Assignment 5, due Feb 20

Part of the homework for CS:2630, Spring 2015
by Douglas W. Jones
THE UNIVERSITY OF IOWA Department of Computer Science

On every assignment, write your name legibly as it appears on your University ID card! Homework is due on paper at the start of class on the day indicated (usually Friday). Exceptions will be made only by advance arrangement (excepting "acts of God"). Late work must be turned in to the TA's mailbox (ask the CS receptionist in 14 MLH for help). Never push homework under someone's door!

  1. Background: The mp1test program could have looked something like this if it were written in the C language:
        /* mp1test.c */
        #include <monitor.h>
        typedef struct { /* definition of the record type */
            char * text; /* pointer to the start of the text string */
            int16t x;    /* the X coordinate */
            int16t y;    /* the Y coordinate */
        } record;
        /* linkage to the array of pointers to records in mp1.a */
        extern record * array[]
        main() {
            int i = 0;
            while (array[i] != NULL) {
                putat( array[i]->x, array[i]->y );
                puts( array[i]->text );
                i = i + 1;

    You are not expected to know C, but most of the above syntax should look natural. The following notes about pointers in C may help:

    1. The declaration record * x declares x to be of type "pointer to an object of type record."
    2. The expressio x->y means "given that x is a pointer to an object of some type, use the field named y of that object.

    In the following, assume that this SMAL declaration for the symbol ARRAY has already been given. It allows the linker to link the symbol ARRAY here to the value it was given in the solution to MP1 with which the test program is linked:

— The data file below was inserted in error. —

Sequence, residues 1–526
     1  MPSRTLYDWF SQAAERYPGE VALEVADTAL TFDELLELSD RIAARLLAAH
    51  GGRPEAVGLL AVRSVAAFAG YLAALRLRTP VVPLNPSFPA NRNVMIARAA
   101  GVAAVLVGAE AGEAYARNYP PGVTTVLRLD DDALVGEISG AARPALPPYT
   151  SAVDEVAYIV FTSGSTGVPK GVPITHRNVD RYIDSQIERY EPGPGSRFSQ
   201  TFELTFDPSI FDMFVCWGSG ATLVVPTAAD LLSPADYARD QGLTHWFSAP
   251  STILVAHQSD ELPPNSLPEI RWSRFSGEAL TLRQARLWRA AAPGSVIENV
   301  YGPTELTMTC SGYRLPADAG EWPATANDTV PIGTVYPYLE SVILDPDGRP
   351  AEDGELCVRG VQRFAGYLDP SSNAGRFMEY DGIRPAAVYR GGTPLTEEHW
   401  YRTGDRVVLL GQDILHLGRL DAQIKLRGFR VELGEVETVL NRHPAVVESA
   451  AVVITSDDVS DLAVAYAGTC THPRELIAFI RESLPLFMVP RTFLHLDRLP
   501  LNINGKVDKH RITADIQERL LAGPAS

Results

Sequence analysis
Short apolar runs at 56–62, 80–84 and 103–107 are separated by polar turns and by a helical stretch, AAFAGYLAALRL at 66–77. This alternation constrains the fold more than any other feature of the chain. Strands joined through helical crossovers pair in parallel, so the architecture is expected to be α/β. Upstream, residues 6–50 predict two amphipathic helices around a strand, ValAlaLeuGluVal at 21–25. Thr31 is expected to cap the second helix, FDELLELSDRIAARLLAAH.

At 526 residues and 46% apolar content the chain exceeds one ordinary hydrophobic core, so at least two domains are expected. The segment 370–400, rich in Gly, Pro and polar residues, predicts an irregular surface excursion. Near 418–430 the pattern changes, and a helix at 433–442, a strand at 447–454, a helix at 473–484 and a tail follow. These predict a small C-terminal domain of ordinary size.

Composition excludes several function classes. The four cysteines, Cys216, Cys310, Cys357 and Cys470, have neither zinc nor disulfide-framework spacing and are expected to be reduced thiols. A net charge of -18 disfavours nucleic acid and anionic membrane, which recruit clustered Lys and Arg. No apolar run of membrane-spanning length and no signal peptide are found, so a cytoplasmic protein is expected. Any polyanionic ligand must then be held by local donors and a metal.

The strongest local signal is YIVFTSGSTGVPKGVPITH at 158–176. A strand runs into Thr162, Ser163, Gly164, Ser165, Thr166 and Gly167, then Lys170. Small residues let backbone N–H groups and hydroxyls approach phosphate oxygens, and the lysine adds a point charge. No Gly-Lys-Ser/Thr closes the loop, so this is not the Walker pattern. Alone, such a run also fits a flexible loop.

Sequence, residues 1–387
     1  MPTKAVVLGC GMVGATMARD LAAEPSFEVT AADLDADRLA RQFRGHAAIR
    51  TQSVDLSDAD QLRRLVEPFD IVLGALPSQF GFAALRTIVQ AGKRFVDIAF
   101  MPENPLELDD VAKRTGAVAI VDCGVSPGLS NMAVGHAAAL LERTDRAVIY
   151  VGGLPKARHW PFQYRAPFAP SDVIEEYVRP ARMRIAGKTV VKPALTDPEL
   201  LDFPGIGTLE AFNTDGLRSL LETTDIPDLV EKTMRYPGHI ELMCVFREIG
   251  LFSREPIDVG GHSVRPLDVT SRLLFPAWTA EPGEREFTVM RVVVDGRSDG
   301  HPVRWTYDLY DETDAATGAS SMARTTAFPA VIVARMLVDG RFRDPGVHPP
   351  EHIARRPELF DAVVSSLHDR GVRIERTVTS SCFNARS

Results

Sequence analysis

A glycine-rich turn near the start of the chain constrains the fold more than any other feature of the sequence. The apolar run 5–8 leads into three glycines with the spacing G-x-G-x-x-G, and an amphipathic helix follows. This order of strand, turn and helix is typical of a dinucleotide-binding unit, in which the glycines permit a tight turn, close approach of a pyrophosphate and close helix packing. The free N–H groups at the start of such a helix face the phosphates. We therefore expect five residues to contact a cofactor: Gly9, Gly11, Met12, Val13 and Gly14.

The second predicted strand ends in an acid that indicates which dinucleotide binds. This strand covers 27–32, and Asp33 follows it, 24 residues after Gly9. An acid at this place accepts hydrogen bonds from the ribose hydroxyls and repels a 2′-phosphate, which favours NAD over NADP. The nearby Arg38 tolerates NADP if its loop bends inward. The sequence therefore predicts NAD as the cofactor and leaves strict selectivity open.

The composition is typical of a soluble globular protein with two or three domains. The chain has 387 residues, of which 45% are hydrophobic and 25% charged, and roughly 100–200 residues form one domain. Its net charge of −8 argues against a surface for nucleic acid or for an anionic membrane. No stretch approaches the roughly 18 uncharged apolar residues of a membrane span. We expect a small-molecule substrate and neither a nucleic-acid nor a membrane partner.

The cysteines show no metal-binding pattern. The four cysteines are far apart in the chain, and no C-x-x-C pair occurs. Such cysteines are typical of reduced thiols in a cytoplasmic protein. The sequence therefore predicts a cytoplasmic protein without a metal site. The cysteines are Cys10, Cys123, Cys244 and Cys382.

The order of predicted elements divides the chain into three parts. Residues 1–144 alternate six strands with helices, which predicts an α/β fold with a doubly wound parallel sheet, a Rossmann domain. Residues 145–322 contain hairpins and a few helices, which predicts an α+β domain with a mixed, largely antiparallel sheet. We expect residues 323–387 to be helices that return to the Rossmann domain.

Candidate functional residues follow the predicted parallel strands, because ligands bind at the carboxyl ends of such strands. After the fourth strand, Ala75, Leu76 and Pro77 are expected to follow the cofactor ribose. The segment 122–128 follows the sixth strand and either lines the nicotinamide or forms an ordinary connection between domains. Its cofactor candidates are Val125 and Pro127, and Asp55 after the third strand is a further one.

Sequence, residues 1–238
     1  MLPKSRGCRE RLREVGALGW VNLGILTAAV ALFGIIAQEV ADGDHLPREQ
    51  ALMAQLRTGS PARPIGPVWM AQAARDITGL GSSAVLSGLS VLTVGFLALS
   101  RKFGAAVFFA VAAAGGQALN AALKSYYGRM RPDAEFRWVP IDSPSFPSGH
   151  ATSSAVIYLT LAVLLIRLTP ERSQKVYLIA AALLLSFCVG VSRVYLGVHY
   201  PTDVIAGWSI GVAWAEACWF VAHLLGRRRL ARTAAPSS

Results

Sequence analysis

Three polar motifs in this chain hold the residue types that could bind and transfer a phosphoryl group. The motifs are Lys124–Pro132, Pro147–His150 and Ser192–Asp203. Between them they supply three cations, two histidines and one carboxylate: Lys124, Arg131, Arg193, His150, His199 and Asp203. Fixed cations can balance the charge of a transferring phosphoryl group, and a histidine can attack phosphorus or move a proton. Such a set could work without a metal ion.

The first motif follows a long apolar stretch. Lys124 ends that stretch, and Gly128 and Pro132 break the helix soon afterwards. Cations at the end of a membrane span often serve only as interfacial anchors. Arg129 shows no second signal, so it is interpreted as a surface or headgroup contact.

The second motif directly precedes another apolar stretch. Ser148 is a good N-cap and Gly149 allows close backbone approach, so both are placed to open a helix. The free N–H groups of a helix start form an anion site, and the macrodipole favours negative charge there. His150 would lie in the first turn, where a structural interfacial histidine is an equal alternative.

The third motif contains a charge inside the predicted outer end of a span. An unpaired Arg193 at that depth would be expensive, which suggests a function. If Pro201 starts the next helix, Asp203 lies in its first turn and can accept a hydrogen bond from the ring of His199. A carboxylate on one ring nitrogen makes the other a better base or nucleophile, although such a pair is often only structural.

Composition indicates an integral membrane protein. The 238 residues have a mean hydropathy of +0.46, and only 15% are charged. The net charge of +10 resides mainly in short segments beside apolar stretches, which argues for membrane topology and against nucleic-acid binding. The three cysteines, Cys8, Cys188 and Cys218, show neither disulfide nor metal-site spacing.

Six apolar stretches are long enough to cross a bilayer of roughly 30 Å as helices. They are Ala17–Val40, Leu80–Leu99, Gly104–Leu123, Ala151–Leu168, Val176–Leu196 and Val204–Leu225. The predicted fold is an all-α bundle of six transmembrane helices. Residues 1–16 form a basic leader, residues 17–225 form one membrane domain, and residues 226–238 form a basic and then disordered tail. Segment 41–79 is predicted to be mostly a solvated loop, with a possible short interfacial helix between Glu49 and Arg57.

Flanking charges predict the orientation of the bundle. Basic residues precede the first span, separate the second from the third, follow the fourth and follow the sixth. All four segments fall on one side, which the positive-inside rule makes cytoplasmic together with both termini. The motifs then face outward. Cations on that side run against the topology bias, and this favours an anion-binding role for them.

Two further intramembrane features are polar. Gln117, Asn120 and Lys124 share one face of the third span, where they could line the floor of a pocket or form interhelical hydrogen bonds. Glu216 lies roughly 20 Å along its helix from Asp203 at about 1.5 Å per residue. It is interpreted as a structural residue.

EXT     ARRAY

    Assume that register R8 is used for the variable i and note that each array element occupies 4 consecutive bytes; that is, the address of array element array[i] is the address of the first element of the array (array[0]) plus 4 times the value of i. Here, we use the notation array as C code, where the corresponging definition in SMAL is ARRAY.

    a) Write SMAL Hawk code to compute the address of the array element array[i] in register R9. (0.4 points)

    b) Given that the address of array[i] in register R9, write SMAL Hawk code to load the value of array[i] in R10. The value of array[i] is a pointer to a record. (0.4 points)

    c) Given that the value of array[i] is in R10, write SMAL Hawk code to check if this value is null, and if so, branch to the label DONE. (0.4 points)

    d) Given that R10 points to one record, that is, R10 holds the value of array[i], write SMAL Hawk code to load the value of the text field of that record (array[i]->text) into R3. That value is a pointer to a piece of text. (0.4 points)

    e) Given that a pointer to the text has already been loaded in R3, write SMAL Hawk code to call the Hawk monitor puts() routine. This completes the coding of puts(array[i]->text). (0.4 points)

    Note: This does not go so far as giving the entire mp1test.a because we have not discussed how to work with halfwords on the Hawk machine. That will have to wait until early March.

  2. Background: In problem 1 above, and in Chapter 5 in general, we assumed that the main program could safely use R8 to R15 for variables.

    A question: How does the main program violate the rules for the standard Hawk calling sequence? (0.5 points)

  3. All of the examples in Chapter 5 show calls to Hawk monitor routines that look like this:
            LIL     R1,PUTCHAR
            JSRS    R1,R1           ;   putchar( ch )

    All of the examples in Chapter 6 show the same call looking like this:

            ADDI    R2,R2,ARSIZE
            LIL     R1,PUTCHAR
            JSRS    R1,R1           ;   putchar( ch )
            ADDI    R2,R2,-ARSIZE

    A question: How did Chapter 5 hide the ARSIZE issue from the novice programmer? (0.5 points)